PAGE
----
5Q :: Why curbing relational aggression is so importantWhile relational aggression may appear harmless at first, left unchecked, “RA” has resulted in physical harm and suicide.
If any of your loved ones are currently in middle school, relational aggression is a term you should familiarize yourself with. It is a form of bullying that begins to rear its ugly head in junior high and the late elementary years. While its effects may not initially appear entirely serious, “RA” is far from harmless; in fact, there have been instances of physical harm and, when left unaddressed, death.
To learn more about RA, the Budgeteer recently talked to educational specialist Dianne Durante. She and Kirsten Hagman, a licensed master social worker and fellow therapist/consultant, have been studying this finally-on-the-radar phenomenon:
Budgeteer: For the uninitiated, how do you explain relational aggression to people who have no idea what it is?
Durante: Relational aggression is a complex type of bullying that we are seeing a lot more of now than in the past. We used to think of bullying as a threat of physical harm and it was often associated with boys.
Relational aggression is the new form of bullying and it is prevalent among, but certainly not limited to, girls. It often involves covert forms of torment, where the friendship itself is used as a weapon against the victim.
It could come in the form of rumor spreading, gossiping, name calling or in some way splitting up friendships that are important to the target. Cyber bullying is also a very well-documented example of relational aggression and this phenomenon is growing each year with the widespread use of social media and text messaging among our youth.
Some people might be tempted to make light of RA — especially after watching a movie like “Mean Girls” — so ... how serious is it, actually? What kind of scars, whether physical or not, does RA leave?
That’s a great point. RA is not a joke! At the very least, RA can cause the victim to withdraw from things that they had previously enjoyed, like extracurricular activities, in order to avoid their peers. They find themselves wondering what they have done to “deserve” this treatment or questioning their self-worth, and they may suffer from anxiety or depression. School assignments may suffer due to their anxiety about being in school and they may withdraw from family because they mistrust people, feeling like there is potential to be betrayed by those who are the closest.
Sadly, we have also heard a number of stories in the last few years about middle and high school students, both girls and boys, who have taken their own lives after feeling tormented by bullies. Some of these children have reported the abuse, but some resort to suicide because they truly do not know where to turn to get help. For some children and adolescents it is truly a life or death situation. We need to approach every situation of RA as if this were the case.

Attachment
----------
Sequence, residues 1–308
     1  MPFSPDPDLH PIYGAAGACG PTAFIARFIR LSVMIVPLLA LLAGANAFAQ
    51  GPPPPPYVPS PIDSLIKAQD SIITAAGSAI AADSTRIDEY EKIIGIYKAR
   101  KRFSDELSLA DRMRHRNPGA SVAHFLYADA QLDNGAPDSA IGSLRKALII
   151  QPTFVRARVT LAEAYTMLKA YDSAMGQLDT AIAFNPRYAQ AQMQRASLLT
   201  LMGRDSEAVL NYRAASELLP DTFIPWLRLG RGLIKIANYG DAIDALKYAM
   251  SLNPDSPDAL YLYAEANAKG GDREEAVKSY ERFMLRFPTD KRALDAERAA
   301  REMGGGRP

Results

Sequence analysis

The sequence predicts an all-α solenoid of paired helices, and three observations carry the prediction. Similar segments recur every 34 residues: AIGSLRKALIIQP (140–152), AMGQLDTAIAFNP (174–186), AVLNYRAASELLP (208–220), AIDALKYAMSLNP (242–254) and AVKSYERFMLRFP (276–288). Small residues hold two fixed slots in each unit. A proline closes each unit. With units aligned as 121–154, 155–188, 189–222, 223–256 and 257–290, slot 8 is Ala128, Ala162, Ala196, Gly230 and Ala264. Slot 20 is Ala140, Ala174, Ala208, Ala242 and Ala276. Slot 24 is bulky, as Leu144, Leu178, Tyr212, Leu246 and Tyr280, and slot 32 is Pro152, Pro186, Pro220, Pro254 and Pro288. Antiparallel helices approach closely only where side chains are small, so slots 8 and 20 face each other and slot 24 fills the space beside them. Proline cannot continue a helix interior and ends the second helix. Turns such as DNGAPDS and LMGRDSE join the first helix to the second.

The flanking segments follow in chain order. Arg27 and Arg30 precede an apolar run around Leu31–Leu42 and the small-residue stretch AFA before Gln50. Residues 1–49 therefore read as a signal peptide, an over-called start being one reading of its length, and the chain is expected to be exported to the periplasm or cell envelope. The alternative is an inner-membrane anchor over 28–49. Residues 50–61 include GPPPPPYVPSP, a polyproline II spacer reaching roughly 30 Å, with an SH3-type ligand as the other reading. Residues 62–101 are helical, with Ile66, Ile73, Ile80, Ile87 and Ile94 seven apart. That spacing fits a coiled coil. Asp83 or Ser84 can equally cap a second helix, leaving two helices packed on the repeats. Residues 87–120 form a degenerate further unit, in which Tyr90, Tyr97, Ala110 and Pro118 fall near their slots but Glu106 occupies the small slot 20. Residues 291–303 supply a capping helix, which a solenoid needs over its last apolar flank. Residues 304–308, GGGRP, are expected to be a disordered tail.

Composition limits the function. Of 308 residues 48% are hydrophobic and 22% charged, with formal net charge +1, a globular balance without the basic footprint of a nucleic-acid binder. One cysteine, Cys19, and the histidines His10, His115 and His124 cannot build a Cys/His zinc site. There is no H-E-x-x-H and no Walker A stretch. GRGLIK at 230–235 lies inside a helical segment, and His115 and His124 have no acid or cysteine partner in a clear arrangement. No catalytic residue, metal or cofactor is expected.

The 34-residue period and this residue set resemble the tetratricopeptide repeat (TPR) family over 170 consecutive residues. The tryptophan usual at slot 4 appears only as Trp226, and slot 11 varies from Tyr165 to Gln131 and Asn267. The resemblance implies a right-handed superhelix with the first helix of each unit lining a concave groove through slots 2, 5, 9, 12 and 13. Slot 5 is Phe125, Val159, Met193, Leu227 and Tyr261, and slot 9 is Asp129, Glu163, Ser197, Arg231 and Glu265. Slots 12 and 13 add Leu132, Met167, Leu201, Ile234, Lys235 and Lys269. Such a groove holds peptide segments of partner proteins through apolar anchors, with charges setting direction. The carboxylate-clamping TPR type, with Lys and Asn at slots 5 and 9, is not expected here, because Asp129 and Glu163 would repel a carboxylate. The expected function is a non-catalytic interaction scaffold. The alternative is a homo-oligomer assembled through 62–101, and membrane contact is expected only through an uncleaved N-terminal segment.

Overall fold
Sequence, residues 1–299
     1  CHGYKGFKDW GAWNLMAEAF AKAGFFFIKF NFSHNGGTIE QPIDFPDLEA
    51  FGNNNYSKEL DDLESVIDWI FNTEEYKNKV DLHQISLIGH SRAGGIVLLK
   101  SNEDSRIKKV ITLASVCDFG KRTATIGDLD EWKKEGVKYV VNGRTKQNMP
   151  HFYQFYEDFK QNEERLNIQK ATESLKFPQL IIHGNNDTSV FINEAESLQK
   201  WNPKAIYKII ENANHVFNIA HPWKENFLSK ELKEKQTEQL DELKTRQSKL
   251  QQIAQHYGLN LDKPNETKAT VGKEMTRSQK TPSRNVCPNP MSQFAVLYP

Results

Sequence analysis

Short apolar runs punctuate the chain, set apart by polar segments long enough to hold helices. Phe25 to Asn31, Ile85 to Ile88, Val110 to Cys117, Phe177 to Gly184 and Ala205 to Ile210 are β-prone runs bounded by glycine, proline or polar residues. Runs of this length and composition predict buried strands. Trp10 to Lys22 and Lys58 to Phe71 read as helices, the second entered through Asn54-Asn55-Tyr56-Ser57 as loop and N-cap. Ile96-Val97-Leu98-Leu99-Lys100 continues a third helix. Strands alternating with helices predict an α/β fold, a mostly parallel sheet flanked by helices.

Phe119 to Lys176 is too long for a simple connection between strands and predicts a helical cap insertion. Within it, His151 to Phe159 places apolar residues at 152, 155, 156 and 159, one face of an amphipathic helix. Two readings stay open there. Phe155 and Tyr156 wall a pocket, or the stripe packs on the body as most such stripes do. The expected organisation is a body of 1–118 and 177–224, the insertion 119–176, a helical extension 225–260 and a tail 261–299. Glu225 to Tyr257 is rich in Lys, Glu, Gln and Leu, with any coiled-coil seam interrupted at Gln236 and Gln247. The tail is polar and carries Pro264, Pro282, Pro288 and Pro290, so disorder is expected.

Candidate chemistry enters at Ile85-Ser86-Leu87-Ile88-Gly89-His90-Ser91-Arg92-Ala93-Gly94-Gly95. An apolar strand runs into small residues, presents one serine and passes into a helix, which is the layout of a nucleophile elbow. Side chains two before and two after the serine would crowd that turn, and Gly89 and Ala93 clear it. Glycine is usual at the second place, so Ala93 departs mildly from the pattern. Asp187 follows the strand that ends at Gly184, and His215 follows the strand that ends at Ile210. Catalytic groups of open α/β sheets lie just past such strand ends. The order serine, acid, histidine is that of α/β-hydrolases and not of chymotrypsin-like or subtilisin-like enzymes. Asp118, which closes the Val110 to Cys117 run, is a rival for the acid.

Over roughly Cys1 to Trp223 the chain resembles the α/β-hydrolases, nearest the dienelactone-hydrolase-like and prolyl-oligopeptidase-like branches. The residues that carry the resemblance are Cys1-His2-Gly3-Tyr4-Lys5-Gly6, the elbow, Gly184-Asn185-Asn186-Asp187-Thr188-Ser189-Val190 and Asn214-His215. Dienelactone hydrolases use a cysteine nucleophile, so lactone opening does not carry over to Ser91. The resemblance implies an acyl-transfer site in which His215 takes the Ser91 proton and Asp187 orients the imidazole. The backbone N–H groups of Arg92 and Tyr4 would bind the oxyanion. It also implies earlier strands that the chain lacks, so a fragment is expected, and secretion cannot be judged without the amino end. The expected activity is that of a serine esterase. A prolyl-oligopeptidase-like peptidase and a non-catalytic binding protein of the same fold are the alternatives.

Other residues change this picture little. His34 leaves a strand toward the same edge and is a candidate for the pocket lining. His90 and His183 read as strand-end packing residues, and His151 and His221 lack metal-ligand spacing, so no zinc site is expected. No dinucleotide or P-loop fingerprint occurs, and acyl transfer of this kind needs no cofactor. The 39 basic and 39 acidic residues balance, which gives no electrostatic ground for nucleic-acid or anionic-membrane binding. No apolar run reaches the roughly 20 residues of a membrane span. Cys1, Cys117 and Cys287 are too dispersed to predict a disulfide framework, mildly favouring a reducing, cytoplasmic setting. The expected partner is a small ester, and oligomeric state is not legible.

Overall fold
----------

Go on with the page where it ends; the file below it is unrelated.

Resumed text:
One misconception about RA, I assume, is that it is only limited to junior high cliques — but, throughout your studies, how far-reaching can RA get?
We have focused our programs on grades four through eight because we know how prevalent this bullying is during those years. It often begins to become a problem during these years but continues to plague the victim throughout the rest of their school career.
However, what we know from reading the works of others is that RA incidents are documented at all ages, at all socio-economic levels and in all communities. There is even research showing that some of the children who are tormentors grow up to be bullies in the workplace and at the PTA meetings for their children.
What are some of the best methods to combat RA?
Developing zero-tolerance policies in the school is a great first step. School systems must have a concrete plan of action to deal with bullying in all of its forms. That should include an open-door policy with students to come to a trusted adult to report RA if they are victimized or if they see someone else getting bullied. Teachers, administrators and community members need to all feel a responsibility to look out for the signs of a bullied child, just like we look out for children who are abused. This is a form of abuse.
In the homes, parents should help their children develop healthy communication skills and empathy toward others. Highly empathetic individuals would not find these behaviors acceptable, and healthy communication will help children feel like they can approach an authority figure if they see RA happening.
We need to begin a dialogue about this problem. Talk about it at your child’s school, at home, at church — anywhere you have the ability to positively impact a child’s life.
If left unchecked, do a lot of RA abusers continue their ways into adulthood, perhaps even into intimate relationships?
Many experts believe that a RA situation could be a precursor to relationship violence since it establishes a pattern of the victim being demeaned. The victim accepts the passive role in a relationship with a person that she cares about. She practices justifying the behaviors of her peers the way that she may later justify the abuse of a partner. There is a huge impact of self-esteem and mental health and the damage that is done may take years to heal.
NEWS TO USE
Learn more about this form of bullying on Durante's Web site, www.everydaysymbols.com.
Tags: budge community, online exclusives, relational aggression, kirsten hagman, dianne durante, mean girls, duluth, budgeteer, 5q, bullying, tweens, preteens, schools, education, learning, safety, life, health